3.1. Intra-specific competition between native seeds and seedlings.

80 pots with cultures containing 10 15, 20 or 25 seeds of the native species (M. littorea or S. atropurpurea) were established (Table 1), which we refer to in this paper as “pure seed cultures.” Total germination rate (Gt), cumulative rate of germination (AS) [19], survival and early growth were determined. The number of germinated seeds and plant survival were recorded daily for ten weeks.

3.2. Ramets of C. edulis vs native seeds and seedlings.

In order to check inter-specific competition, mixed cultures were established in 80 pots, combining 3, 2, 1 and 0 ramets of the invasive C. edulis with 10, 15, 20 and 25 seeds of native species, referred to as “mixed seed/ramet cultures” (10/3, 15/2, 20/1 and 25/0). Total germination rate (Gt), cumulative rate of germination (AS) [19], survival and early growth were determined. The number of germinated seeds and plant survival were recorded daily for ten weeks.

3.3. Intra-specific competition between native adult plants.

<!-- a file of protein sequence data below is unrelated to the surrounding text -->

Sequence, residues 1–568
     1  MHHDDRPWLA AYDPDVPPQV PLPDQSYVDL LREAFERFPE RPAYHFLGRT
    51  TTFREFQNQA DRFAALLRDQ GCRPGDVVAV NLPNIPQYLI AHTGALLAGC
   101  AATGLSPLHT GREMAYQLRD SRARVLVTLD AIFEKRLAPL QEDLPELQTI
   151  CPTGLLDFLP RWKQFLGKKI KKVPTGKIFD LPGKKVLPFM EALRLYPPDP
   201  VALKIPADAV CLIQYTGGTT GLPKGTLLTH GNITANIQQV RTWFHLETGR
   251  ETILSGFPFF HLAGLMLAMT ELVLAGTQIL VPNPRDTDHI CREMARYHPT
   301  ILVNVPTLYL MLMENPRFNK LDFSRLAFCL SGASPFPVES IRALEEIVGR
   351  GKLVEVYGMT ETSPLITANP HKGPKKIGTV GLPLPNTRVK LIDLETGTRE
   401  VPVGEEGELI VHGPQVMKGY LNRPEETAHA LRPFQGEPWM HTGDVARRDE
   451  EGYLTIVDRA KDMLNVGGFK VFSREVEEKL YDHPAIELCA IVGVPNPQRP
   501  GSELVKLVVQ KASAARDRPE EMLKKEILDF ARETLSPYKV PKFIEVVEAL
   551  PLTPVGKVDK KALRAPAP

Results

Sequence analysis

In order to take into account intra-specific competition, cultures containing 4, 3, 2 or 1 adult native plants (M. littorea or S. atropurpurea) were established (Table 1) in 80 pots, referred to as “pure adult cultures”. Leaf number, height and survival were recorded every three days for two weeks.

3.4. Ramets of C. edulis vs adult native plants.

In order to check inter-specific competition, mixed cultures with 3, 2, 1 and 0 ramets of the invasive C. edulis combined with 1, 2, 3 or 4 adult native plants were cultivated in 80 pots, referred to as “adult/ramets cultures” (1/3, 2/2, 3/1 and 4/0). Leaf number, height and survival were recorded every three days for two weeks.

4. Competition between C. edulis seeds and native seeds